Neuropsychological Testing and Brain Mapping
Comprehensive Diagnostic Evaluations at J. Flowers Health Institute
The information presented on this page is an overview of the average evaluation of this nature and is offered here as a resource. At J. Flowers Health Institute, our evaluations are customized and tailored to the individual’s needs. We specialize in providing truly comprehensive health and wellness evaluations and a workable plan for future health to those who want to improve their quality of life.
If you would like to learn more about J. Flowers Health Institute, please do not hesitate to reach out.
What is Neuropsychological Testing?
Table of Contents
Neuropsychological testing and brain mapping have emerged as valuable tools for the diagnosis of neurological disorders. They are also useful in assessing current mental health status. Using them correctly not only improves diagnosis but can also improve treatment outcomes.
What Tests are Used in Neuropsychological Testing?
Verbal Communication Test
Specific Tests Used in Neuropsychological Testing
- Wechsler Scales
- Wechsler Adult Intelligence Scale-Revised (WAIS-R)
- Wechsler Adult Intelligence Scale-III (WAIS-III)
- Wechsler Intelligence Scale for Children-IV (WISC-IV)
- Stanford-Binet Intelligence Scale-IV
- Wechsler Individual Achievement Test (WIAT)
- Woodcock-Johnson Achievement Test
- Boston Naming Test
- Multilingual Aphasia Examination
- Cancellation Tasks (Letter and symbol)
- Behavior Assessment System for Children (BASC)
- Wechsler Memory Scale (WMS)
- WMS-III Verbal Memory Index
Speed of Processing
- Simple and Choice Reaction Time
- Symbol Digit Modalities Test - Written and oral
How Long Does Neuropsychological Testing Take?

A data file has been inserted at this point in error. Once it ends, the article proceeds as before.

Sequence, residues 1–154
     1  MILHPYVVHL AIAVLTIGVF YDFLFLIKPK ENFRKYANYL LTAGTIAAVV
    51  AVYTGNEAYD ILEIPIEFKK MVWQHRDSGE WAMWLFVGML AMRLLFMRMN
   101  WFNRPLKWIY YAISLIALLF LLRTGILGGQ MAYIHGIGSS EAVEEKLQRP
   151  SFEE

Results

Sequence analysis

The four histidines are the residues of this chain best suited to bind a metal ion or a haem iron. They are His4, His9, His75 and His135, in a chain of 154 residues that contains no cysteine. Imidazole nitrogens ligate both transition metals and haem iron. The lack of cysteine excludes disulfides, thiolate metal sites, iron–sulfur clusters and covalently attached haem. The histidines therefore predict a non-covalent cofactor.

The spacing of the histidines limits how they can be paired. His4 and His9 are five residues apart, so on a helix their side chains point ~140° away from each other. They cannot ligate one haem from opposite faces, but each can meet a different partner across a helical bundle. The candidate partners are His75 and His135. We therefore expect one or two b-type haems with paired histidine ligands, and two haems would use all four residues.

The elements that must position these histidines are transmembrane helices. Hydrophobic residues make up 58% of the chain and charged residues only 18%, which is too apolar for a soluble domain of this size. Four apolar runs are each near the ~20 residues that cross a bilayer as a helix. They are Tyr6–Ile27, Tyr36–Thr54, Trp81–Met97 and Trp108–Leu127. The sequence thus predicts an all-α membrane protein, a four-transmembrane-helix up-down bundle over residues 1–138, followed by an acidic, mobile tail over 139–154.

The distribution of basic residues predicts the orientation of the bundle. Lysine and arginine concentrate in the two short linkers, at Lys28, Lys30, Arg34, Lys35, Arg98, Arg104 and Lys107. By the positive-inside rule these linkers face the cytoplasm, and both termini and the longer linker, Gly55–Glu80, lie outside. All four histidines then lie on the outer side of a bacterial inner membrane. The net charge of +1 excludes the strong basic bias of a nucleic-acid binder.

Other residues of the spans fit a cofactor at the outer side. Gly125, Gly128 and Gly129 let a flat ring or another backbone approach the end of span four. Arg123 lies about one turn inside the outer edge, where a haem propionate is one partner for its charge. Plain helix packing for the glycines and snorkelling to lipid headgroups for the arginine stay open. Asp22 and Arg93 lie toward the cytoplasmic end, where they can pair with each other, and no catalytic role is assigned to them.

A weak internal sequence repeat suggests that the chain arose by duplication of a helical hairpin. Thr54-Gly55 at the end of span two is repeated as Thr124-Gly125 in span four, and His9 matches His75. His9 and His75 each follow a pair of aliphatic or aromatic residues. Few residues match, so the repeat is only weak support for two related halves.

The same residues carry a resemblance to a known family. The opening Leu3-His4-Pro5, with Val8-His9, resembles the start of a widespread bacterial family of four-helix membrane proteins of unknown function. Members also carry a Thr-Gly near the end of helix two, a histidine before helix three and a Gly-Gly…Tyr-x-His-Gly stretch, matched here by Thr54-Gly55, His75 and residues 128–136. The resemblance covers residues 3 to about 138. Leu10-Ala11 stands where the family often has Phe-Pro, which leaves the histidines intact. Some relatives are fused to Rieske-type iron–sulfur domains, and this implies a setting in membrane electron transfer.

Who Completes Neuropsychological Testing?
A neuropsychologist completes neuropsychological testing. They understand how the structures and functions of the brain affect behavior and thinking.
For What Conditions is Neuropsychological Testing Used?
Aid Diagnosis of Neurological or Mental Disorders
Neurological disorders, such as dementia, cause cognitive impairment. Mental illness, such as depression, can also cause similar issues. Results from neurological testing help determine the exact cause of the problem. To confirm a diagnosis, the doctor will also use information from other tests. These can include brain scans and blood tests.
Differentiate Dementia from Pseudodementia
Dementia causes problems with memory, thinking, behavior, and emotions. The issues are severe enough to affect essential daily activities. It has no cure, and treatment cannot reverse the symptoms. Pseudodementia causes similar symptoms, usually associated with depression. Unlike dementia, pseudodementia is typically reversible.
Differentiate Epilepsy from Nonepileptic Seizures
Epilepsy is a neurological disorder that causes abnormal brain activities. Symptoms include seizures and fainting. Pseudo seizures produce similar symptoms. However, they are usually caused by an underlying mental illness, such as anxiety or stress.
Determine the Severity of a Stroke or a Traumatic Brain Injury (TBI)
Stroke and TBI cause cognitive impairment of varying severity. Neuropsychological testing helps determine the severity of the condition. Testing also guides the rehabilitation program.
Assist in the Diagnosis of Dyslexia, Autism and Attention Deficit Hyperactivity Disorder (ADHD)
Neuropsychological testing for a child checks processing speed and attention span. Information from these tests is used to diagnose learning disabilities, autism, or ADHD.